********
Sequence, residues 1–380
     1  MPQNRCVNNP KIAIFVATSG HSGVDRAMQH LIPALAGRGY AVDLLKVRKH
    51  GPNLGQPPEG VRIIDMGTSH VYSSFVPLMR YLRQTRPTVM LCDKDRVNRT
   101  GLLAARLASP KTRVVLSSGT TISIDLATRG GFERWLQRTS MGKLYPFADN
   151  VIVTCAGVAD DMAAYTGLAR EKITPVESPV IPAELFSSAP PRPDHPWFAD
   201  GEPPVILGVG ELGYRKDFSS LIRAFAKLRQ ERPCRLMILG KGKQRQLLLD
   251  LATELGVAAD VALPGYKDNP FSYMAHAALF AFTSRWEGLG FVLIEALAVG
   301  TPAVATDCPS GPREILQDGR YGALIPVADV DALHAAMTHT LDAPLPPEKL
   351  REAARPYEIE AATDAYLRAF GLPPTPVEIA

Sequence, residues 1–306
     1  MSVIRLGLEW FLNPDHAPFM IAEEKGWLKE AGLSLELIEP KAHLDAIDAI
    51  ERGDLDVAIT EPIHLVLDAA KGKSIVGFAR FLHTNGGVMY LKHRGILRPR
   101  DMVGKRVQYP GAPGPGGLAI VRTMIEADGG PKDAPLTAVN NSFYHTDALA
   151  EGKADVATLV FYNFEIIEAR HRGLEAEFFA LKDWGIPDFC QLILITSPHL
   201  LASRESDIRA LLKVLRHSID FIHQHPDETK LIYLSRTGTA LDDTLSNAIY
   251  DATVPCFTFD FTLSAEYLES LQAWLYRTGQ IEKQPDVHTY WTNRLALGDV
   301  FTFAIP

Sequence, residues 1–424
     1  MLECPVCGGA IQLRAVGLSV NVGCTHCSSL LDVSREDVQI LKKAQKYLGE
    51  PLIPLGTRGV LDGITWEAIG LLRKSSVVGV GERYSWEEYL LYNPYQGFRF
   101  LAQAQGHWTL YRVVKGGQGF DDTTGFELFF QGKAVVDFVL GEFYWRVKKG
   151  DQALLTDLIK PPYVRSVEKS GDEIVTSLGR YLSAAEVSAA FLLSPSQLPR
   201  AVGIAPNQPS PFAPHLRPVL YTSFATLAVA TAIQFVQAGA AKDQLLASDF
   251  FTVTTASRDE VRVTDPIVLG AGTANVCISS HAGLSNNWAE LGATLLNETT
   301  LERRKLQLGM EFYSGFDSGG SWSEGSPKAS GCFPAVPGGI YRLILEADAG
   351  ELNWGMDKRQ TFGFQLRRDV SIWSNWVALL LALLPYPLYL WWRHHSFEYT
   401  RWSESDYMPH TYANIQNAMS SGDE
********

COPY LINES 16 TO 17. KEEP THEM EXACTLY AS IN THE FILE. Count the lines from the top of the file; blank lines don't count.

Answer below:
   251  DATVPCFTFD FTLSAEYLES LQAWLYRTGQ IEKQPDVHTY WTNRLALGDV
   301  FTFAIP